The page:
On Saturday July 23rd, as Lance Armstrong awoke for another day of effortless domination in his tour of France, Beck took the stage to round out his own tour, of California. In front of two stage-sized projection screens, deftly manipulated in real time by Tokyo video-DJ Bunzo, Beck effortlessly held a sold-out audience captive and captivated. Seriously, he made little effort.
Signs came early that the show would hold surprises. Beck introduced the fourth song by yelling, “Hot Wax!”, and his band popped into action. As “Hotwax,” from 1996’s Odelay came to a close, the band segued seamlessly into an abridged version of “Nicotine & Gravy”, from 1999’s Prince-inspired Midnight Vultures. Then they broke down a few hip-hop verses over a mouth-beat and burst into “Hell Yes”, a single from Beck’s newest release, Guero. Beck kept his arrangement tight, and didn’t stray from the songs—he neatly linked his three “party” albums with a medley that triumphed despite the danger of creating a sprawling, directionless Grateful Dead-like jam.
But, to be picky, something was missing. Right before “Hotwax”, Beck said, “This is the last night of our tour, so we’re stripped down… we’re… inoculated.”
Stripping down wasn’t necessarily the problem: a vast majority of the truly triumphant songs at this show were the ones Beck played alone. The problem lay in his more rollicking works. With six band members on stage (his long-time bass player, Justin Meldal-Johnsen was in the audience with wife and child.), the instrument assignments seemed haphazard. One member, “The world’s greatest dancer,” didn’t actually play an instrument and the guitarist often left his ax to hammer percussion, despite the presence of two other drummers. And the keyboard player manned recorded samples of missing instruments more than his own keyboard. Who else was there to play guitar sounds? Three people were drumming and Beck was holding a black tambourine.
Missing the awesome (real) horn sections that Beck used to produce songs like “Sexx Laws” and “The New Pollution”, the tunes were less performed and more like six people dancing to a CD. Not employing a full horn section for a small tour is understandable, but during “Loser”, a song based on an acoustic guitar and a simple drumbeat, two people played drums while the group sampled the guitar. During “Sexx Laws” Beck and the Dancer put on banjos and pretended to duel while a banjo sample played, effectively flaunting the fact that a fair amount of the show was pre-recorded.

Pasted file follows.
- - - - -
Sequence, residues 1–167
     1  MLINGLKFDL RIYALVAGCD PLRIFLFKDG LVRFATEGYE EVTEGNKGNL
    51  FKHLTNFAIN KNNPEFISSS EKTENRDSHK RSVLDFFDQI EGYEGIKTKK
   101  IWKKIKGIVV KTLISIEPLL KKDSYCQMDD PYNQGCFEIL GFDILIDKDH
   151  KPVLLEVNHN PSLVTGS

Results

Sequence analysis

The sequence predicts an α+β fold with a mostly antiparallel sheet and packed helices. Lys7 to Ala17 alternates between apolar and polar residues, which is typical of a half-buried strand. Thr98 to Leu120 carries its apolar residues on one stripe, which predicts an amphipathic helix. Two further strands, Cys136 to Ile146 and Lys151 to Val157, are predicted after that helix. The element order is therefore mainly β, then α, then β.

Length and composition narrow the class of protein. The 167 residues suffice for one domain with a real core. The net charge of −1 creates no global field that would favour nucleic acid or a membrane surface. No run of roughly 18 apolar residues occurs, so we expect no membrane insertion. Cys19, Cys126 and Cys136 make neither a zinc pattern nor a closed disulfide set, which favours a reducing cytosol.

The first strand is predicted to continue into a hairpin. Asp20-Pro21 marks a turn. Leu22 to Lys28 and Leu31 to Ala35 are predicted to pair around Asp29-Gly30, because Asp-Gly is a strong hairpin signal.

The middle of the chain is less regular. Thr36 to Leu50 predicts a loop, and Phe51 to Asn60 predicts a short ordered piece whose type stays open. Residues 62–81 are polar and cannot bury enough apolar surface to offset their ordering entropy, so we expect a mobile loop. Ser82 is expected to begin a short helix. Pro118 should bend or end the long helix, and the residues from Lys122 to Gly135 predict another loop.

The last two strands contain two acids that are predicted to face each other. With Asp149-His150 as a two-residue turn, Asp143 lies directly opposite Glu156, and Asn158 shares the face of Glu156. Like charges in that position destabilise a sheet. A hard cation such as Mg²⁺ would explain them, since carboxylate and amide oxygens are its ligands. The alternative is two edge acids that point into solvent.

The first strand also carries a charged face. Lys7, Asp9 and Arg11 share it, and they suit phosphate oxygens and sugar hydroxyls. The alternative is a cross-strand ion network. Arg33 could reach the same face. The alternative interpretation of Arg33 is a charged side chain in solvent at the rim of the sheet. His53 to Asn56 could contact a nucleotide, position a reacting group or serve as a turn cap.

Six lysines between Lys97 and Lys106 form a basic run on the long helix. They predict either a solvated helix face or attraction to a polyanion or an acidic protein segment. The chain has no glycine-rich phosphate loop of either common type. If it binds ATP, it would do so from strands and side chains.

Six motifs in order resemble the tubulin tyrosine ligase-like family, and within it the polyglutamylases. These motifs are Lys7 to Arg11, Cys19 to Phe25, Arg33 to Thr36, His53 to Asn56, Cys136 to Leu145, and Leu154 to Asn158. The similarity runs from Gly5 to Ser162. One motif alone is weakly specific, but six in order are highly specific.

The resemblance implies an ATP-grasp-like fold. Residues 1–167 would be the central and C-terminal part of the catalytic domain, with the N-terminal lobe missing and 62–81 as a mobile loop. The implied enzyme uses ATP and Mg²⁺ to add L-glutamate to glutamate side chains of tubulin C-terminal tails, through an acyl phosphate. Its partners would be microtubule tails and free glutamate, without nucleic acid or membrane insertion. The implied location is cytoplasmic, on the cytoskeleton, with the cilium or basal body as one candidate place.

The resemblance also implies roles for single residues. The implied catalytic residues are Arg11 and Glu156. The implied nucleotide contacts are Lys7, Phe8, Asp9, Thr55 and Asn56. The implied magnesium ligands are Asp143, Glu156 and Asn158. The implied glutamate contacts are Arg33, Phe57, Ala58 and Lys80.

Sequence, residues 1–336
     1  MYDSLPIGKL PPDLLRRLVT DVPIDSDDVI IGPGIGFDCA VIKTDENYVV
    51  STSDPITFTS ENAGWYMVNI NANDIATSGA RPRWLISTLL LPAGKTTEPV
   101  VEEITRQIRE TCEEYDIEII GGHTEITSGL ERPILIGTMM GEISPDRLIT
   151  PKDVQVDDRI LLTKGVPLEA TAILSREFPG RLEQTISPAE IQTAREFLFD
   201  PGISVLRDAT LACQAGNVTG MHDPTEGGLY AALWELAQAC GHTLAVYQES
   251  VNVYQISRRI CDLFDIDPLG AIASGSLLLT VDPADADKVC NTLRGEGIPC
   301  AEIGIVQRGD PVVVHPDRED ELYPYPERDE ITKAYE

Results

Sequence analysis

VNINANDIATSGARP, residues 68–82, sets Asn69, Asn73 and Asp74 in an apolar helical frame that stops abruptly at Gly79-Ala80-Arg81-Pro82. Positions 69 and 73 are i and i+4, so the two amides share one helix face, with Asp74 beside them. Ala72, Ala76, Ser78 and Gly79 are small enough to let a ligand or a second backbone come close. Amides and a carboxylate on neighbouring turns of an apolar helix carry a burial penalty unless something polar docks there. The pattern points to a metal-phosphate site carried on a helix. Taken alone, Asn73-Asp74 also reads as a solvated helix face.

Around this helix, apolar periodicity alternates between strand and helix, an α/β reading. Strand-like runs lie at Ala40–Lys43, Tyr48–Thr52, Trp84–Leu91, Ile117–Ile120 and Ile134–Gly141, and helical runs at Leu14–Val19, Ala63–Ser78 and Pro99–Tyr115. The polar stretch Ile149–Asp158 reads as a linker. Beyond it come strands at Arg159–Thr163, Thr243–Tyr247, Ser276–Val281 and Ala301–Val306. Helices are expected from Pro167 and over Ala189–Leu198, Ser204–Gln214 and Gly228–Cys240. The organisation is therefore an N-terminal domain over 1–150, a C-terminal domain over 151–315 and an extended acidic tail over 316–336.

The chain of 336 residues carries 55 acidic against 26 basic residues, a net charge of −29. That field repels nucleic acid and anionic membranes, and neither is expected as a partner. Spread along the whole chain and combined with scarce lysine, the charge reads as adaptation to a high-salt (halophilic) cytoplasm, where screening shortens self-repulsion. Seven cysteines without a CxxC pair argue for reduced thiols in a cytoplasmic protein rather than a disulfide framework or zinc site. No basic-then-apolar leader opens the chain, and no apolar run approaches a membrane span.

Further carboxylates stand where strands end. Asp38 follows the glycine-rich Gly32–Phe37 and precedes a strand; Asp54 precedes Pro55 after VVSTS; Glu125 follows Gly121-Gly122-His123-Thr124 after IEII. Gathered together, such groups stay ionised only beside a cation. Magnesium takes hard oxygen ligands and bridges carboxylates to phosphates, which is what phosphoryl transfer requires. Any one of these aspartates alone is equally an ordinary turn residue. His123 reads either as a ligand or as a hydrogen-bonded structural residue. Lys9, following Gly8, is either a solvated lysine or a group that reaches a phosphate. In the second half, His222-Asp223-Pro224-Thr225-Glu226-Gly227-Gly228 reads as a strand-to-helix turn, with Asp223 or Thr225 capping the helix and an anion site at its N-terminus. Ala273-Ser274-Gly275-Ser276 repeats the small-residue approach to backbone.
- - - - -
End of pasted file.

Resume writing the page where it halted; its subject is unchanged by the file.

Of course, what made the show unique, and exciting, was the presence of the stripped down songs—the “inoculated” ones. To show that you can do a lot with a little, a stage hand brought out a hand-pumped harmonium. Known for their drone, these western instruments are commonly used in Indian music. One hand pumps bellows behind the instrument while the other hand voices chords on a typical keyboard. Keeping to a simple chord progression, Beck sang “Lonesome Tears”, as if it were a ritual chant, while his band-mates gathered at his side, heads bowed. Toward the end of the song, they stomped and clapped slowly to its beat. The song, smothered by string arrangements and overproduction on 2001’s Sea Change, took a weightier shape on stage.
Few would argue: the long acoustic set toward the end of the show was its crowning moment. It’s hard to hold the attention of a large number of people with an acoustic guitar. And it’s even harder to stop a show, make the band leave, play an acoustic set, and manage to come off without seeming self-indulgent.
Beck, a master songwriting, doesn’t need to worry about this sort of thing, but chose to cleverly address it anyway. As he took an acoustic guitar, crew members brought out a table and his dancer changed from his ‘70s Tennis outfit into a suit. He set plates and glasses on the table and waited on the band members as they began to play poker. Beck did his songs, and his band members (actually) ate a meal on stage as they listened.
After a few acoustic versions of songs from Sea Change and a cover of “Everybody’s Got to Learn Sometime”, by ‘80s one-hit-wonders The Korgis (Beck’s version is featured in Eternal Sunshine of the Spotless Mind), Beck surprised the audience with an acoustic cover of the faux-R&B crowd-pleaser, “Debra”. The song is set in LA, and was received by cheers at the mention of parking structures in Glendale, and Zankou Chicken. Beck played to the crowd, extending the song by making up verses on the spot.
Finally, he finished his mini-set with “The Golden Age”, another ballad from Sea Change. The band took notice, and began hitting their plates and glasses with their utensils. One member rubbed the rim of his glass to produce hums that added an oddly hypnotic edge to the song. The dinner table quickly turned into a bona fide percussion section and Beck switched into the fun, jolting “Clap Hands” from Guero, causing his band to break into hammering that gave the members of Stomp a run for their money.
What’s saddening is that Los Angeles probably won’t see a better show for quite some time, and that the people performing paraded the fact that they were sort of half-assing it. But maybe that’s not a fair comment. Maybe they were tired. To use terms Lance Armstrong or another athlete might use, it’s hard to know exactly what to make of someone who is known for bringing 150% to his live shows on the nights when he only brings 110%.